Bariatric Times

Insights into Patient Pop with Obesity 2016

A peer-reviewed, evidence-based journal that promotes clinical development and metabolic insights in total bariatric patient care for the healthcare professional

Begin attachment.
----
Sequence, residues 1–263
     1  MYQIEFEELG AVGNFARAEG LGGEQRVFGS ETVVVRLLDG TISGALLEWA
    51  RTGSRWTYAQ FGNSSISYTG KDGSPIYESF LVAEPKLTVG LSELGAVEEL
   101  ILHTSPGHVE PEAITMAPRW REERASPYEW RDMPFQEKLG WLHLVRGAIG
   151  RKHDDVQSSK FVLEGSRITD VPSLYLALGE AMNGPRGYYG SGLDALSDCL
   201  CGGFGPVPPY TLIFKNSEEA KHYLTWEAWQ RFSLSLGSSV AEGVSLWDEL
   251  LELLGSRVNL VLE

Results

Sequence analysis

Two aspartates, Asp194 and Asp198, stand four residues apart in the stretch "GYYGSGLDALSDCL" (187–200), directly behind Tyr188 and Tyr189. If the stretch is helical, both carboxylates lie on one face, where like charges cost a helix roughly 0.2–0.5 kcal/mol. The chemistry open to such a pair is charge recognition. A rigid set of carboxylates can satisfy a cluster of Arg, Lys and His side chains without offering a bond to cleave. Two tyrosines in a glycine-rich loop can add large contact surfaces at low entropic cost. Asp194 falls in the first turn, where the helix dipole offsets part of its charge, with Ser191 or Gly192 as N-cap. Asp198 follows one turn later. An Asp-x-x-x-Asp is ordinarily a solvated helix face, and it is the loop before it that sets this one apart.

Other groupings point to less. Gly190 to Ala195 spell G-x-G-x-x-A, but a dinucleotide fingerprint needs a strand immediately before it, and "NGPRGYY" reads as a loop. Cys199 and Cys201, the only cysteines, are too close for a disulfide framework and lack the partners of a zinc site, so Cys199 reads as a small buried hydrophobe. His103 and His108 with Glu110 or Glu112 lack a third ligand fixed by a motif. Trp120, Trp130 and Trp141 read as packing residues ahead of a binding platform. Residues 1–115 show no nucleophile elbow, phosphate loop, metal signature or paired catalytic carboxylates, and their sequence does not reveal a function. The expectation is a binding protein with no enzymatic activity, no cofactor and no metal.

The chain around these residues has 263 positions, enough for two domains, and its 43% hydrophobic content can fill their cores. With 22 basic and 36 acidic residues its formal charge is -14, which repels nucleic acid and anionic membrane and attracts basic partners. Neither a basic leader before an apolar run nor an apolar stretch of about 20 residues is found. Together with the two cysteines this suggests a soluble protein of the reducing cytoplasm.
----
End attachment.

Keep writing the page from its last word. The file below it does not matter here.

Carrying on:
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Bariatric Times • December 2016 • Supplement C C9 C ustomized care, sometimes called precision medicine, attempts to help create specific treatments geared to the needs of an individual patient and this model is extremely relevant for obesity treatment. It also allows for the patient and clinician to intensify treatment as needed or to change it as the patient proceeds along the continuum of care. It allows for care to be more or less intensive at different phases of the patient's journey. There are four main domains of treatment. The least invasive of these is an intensive lifestyle intervention (ILI). The following can be added to ILI: anti-obesity pharmacological therapy (second domain), intermediate procedures (third domain), and finally bariatric surgery (fourth domain). All domains involve ILI, which must always be considered the foundation, and then medications, intermediate procedures, and bariatric surgery may be added. Healthcare professionals involved include the primary care physician (PCP) and integrated health support at first, followed by obesity specialists, and finally, in the fourth domain, a bariatric surgeon. INTeNSIve lIFeSTyle INTerveNTION Intensive lifestyle intervention (ILI) is the cornerstone of all obesity care. 18 It includes a comprehensive program of nutrition (diet), physical activity (exercise), a psychosocial component, sleep, and stress reduction. 19 Each of these components can be individualized for each patient. For example, nutrition must include caloric reduction and appropriate nutrition, but the exact diet and special needs for the patient will play a role and allow for the plan to be customized as needed. For example, some patients may have certain food allergies, need a gluten-free diet, prefer vegetarian meals, or enjoy certain types of foods. Patients may have physiologies that respond better to some diet plans than others. For example, some patients may do well on low- carbohydrate diets while others feel lethargic on the same diet. Special needs for individuals may also be accommodated with meal replacements for some patients or the use of artificial sweeteners for others. In short, the "one size fits all" approach to diet and nutrition is neither realistic nor effective. The same approach applies to the patient's physical activities. There is a wide range of physical exercises available including some that are gravity-mediated and may be easier for patients with obesity. Patients with obesity or those with mobility issues may benefit more from water exercises, others may experience more benefits from vigorous strength training, while others may need recumbent type activities to accommodate their limited movement. Psychosocial interventions, sleep hygiene, and stress reduction also can be individualized to best meet an individual patient's needs and be most effective. 20 A sleep history may be useful for treating patients with obesity, including not just the presence or absence of obstructive sleep apnea (OSA), but also sleep volume and quality. Poor sleep habits may change hormonal levels, Insights into the Patient Population with Obesity: Assessment and Treatment customizing obesity treatments Deborah Bade Horn, DO, MFOMA President, Obesity Medicine Association; Medical Director, Clinical Assistant Professor, Center for Obesity Medicine and Metabolic Performance, UT McGovern Medical School, Houston, Texas

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